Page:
Resident leadership need
Even more than other Heart & Soul towns, Charlotte may have to rely on ordinary residents’ willingness to roll up their sleeves. When Essex partnered with Orton in 2012, during an earlier iteration of the program, it became one of just five towns nationwide to receive a $100,000 grant, which it used to hire a pair of full-time local consultants to coordinate planning alongside foundation staff.
Today, with Heart & Soul expanding fast, Charlotte expects to receive just $10,000 from the foundation. The grant requires a plan for a local cash match, and to that end, a local high schooler has set up a website — heartandsoulcharlotte.org — that can accept tax-deductible donations through a Shelburne-based fiscal sponsor. Bloch acknowledged that, in the future, Charlotte’s Community Heart & Soul team may ask for an allocation from the municipal budget, which already supports various non-governmental organizations in town.
As a condition of its disbursal, the Orton grant will help pay for the guidance of a “certified coach” from a pool of third-party community development consultants trained by the foundation as experts in Community Heart & Soul. But Charlotte will also need someone to take on the potentially unpaid local administrative work of scheduling meetings and compiling information.
“Our assumption is that we are not going to have to hire a full-time project coordinator, and that through either volunteers or part-time help from someone from the local colleges or universities for whom this would be a relevant internship or something, we would be able to do it,” Bloch said.
An Addison County resident, Lindsay Varner, helped persuade Bloch and Wegman that Charlotte could benefit from Community Heart & Soul.
Before becoming the director of the Rokeby Museum in Ferrisburgh, Varner worked for the Cumberland County Historical Society, which, through the Pennsylvania Humanities Council, received an Orton grant in 2016 on behalf of a seven-municipality area in the vicinity of Carlisle, Penn. With a doctorate in history, she steered an approach to community revitalization centered on the region’s past.
Among several endeavors that grew out of Community Heart & Soul discussions, the best-known — the Mt. Tabor Preservation Project — took up the task of rehabilitating a circa-1870 Black church.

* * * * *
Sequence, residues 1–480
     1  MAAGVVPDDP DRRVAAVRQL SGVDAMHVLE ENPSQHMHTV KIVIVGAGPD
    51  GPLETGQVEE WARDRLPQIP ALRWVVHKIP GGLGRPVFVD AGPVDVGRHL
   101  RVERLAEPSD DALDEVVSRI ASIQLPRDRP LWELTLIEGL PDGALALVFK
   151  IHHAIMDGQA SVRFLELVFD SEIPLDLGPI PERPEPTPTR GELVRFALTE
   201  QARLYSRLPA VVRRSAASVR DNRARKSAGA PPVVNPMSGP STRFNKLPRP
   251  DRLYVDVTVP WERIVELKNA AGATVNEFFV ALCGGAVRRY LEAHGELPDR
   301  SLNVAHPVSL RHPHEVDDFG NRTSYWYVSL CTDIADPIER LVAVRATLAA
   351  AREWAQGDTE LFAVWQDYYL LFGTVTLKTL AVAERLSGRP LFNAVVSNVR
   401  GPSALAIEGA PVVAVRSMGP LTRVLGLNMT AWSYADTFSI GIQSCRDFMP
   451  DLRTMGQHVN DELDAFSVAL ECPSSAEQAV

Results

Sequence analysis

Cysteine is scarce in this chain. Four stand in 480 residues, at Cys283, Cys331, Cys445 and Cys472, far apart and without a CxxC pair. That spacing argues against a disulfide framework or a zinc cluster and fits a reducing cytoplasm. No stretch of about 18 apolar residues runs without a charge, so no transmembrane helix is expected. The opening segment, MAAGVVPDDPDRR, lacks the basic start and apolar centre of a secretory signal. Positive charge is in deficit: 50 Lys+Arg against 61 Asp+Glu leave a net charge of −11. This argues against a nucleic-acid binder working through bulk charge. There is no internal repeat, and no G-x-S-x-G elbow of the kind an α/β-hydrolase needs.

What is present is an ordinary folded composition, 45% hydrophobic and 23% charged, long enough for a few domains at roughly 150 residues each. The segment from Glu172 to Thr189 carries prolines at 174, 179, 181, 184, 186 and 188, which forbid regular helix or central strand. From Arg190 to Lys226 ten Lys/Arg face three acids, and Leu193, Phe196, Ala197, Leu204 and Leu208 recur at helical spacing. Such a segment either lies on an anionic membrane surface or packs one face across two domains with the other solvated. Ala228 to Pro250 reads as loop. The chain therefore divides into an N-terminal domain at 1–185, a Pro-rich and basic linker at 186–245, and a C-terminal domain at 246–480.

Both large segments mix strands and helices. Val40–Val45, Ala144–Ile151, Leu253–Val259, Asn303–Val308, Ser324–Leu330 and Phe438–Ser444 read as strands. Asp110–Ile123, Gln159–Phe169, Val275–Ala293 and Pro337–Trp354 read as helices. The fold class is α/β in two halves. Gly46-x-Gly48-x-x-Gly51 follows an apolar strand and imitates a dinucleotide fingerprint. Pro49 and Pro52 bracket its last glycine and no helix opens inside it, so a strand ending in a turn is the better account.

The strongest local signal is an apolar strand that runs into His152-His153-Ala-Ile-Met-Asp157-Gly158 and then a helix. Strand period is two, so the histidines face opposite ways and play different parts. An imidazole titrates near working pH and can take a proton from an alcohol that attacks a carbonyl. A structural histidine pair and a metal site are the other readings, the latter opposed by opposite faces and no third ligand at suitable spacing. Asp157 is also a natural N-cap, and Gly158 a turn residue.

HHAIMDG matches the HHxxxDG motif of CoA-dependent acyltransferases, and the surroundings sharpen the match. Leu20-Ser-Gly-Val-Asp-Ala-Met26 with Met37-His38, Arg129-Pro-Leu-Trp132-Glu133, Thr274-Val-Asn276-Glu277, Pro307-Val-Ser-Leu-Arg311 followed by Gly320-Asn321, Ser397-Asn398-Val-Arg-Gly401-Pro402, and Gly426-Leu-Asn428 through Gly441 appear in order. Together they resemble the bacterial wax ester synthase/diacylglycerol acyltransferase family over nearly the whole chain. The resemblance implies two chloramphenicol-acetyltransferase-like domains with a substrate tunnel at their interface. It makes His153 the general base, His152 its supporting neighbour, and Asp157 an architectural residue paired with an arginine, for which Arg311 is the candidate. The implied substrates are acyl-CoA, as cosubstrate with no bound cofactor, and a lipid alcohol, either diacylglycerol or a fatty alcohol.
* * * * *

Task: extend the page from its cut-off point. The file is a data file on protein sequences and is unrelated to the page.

“I was told over and over again I needed to talk to the Gumby family because they had been there for multiple generations,” Varner recollected. “They gave me this incredible 45-minute interview, talking about the Black history of the area that’s being lost. Their grandfather, who had been enslaved, had moved to the area and had helped to build this church. They kept talking about the church behind their house, and it was so overgrown you couldn’t see it.”
The log structure “is now a National Register property. So, it became this huge project that then spiraled into more projects across the county to start to understand and build a more complete narrative of the African-American history in the county,” Varner recounted.
Change in Canaan took time
Wegman and Bloch have also talked to Trish Sears and Steve Mason of Orleans County, a pair of married consultants who coached the town of Canaan, in Vermont’s northeastern corner, through its Community Heart & Soul process. Sears and Mason appear poised to take on the same role in Charlotte.
When Sears was the director of the Newport City Renaissance Corporation, she and Mason encountered Orton through a program called Community Matters, which, as a precursor to Community Heart & Soul, came to Newport in 2012, leading to the grassroots development of a neighborhood garden on donated private land.
“People have become dependent on public services to cure their problems,” Mason said. “I think the Heart & Soul process tells people you can make the change without going that way.”
Sears described Community Heart & Soul as a “strengthening” of a town’s social fabric.
“The process is never a smooth one because you’re dealing with so many different kinds of people,” she said.
In Canaan, Community Heart & Soul lasted four years, starting in 2015. Resident Frank Sawicki attributed delays partly to the municipality’s remote location, which, by his recollection, had made accessing meetings a challenge for its out-of-town coaches.
“It was a little bit slower than we thought,” Sawicki said.
In the end, however, it produced a 501(c)3, Canaan Naturally Connected, that continues to plan beautification projects; charity drives; and community events, such as teen nights at the American Legion and a townwide scarecrow-building competition. Sawicki sits on the board.
Before Canaan Naturally Connected, he felt that the town “wasn’t cohesive. We had groups doing the same thing and repeating it, and we didn’t know.”
As a “middleman” for various nonprofits, Canaan Naturally Connected has established communication channels extending into New Hampshire and Quebec. And according to Sawicki, its presence “relieves” local government of some of the burden of managing community affairs.
“If it’s something in that category, then they don’t have to deal with it, really,” Sawicki said. “At the start, it was kind of a battle — like, who was in charge? But then, as we communicated more that we’re just wanting to help with the municipalities, they started opening up.”